Q: Did the Pentagon do the right thing by disinviting evangelist Franklin Graham from a National Day of Prayer event next week? Should government officials decide who can or cannot speak at such an event? Should the government proclaim a National Day of Prayer? Was a federal judge right to rule it unconstitutional?
America’s National Day of Prayer raises important questions about the role of religion in public life and how our various faiths can unite individual citizens and organized groups of widely differing beliefs.
To measure the worthiness of a National Day of Prayer, let ‘s take a look at one of the most important and worthy organizations in the world. I speak of one that succeeds tremendously at bringing people together from all walks of life in gratitude to a higher force in the Universe, to achieve the seemingly insurmountable. I refer to Alcoholics Anonymous. Untold numbers of people and their families have been saved by this organization through its simple dictates and its rootedness in divine supplication. Though the 12 Steps require a devotion to some form of
God, there are no shortage of atheists who join the program while defining that word in their own personal way. AA is non-racial, non-religious and respects no difference in age, class, gender or orientation. In other words, this highly spiritual movement is thoroughly American.
Of course, we Americans are not all alcoholics, but we all have problems that seem larger than our ability to fight. We all need help, we all need each other, and AA provides the model and proves the importance of a National Day of Prayer. Its process unites and elevates people through faith and fellowship at times that science and medicine have failed.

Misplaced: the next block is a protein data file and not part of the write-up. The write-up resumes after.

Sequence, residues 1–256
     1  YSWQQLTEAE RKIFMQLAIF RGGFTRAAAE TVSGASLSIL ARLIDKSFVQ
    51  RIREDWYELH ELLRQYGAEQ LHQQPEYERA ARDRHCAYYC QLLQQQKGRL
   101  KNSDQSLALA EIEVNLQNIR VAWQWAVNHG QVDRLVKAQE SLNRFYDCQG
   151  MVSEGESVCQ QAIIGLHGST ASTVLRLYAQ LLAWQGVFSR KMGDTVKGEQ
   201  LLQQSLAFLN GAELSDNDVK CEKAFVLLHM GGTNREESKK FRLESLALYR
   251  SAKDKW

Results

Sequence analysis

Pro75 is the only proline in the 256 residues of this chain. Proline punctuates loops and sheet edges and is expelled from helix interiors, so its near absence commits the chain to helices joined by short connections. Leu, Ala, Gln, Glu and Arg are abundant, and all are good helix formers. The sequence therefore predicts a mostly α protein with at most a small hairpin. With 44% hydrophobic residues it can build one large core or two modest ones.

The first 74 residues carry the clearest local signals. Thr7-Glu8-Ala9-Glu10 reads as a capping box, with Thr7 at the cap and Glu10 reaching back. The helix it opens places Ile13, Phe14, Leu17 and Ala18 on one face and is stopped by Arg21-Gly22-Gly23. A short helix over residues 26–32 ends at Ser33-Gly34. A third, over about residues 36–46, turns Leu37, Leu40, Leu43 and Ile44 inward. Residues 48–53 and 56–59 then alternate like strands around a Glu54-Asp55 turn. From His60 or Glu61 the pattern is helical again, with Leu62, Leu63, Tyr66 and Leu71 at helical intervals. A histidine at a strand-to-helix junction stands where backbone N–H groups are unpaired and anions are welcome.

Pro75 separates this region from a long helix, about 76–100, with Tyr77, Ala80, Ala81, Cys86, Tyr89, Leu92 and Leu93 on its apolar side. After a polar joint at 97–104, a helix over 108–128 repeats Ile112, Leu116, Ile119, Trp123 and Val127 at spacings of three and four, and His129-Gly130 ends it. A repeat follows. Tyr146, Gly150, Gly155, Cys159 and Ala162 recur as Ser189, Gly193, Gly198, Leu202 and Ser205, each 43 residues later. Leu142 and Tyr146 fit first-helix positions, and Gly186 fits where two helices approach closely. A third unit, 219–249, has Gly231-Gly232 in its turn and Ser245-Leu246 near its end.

If there were a truly National Day of Prayer which involved schools or government institutions, some Jews, for example, might object to standing with those beseeching Jesus and Allah. I am confident, however that shared prayer will cause people to look into their own faith more intensely. Moreover, this country needs to be more honest about what individual religions teach and how those teachings can be exploited by fundamentalists, so that the rest of us can marginalize the radicals of every faith. A National Day of Prayer will help create a consensus of what we Americans consider healthy religion, and the leaders of any faith whose God teaches love and mercy should be welcome to lead a service which reaches out to every American; even those who strive for goodness without theistic belief.
The recent ruling of a National Day of Prayer as unconstitutional speaks, incorrectly I believe, to the great American tradition of separating Church and State and protecting dissent. It is an overreaction as long as the Day of Prayer is rooted in and represented by the tolerate and moderate beliefs of all the major religions.
America has always been a religious country. As long as it says “In G-d we trust” on our dollar bill, we may as well talk to him.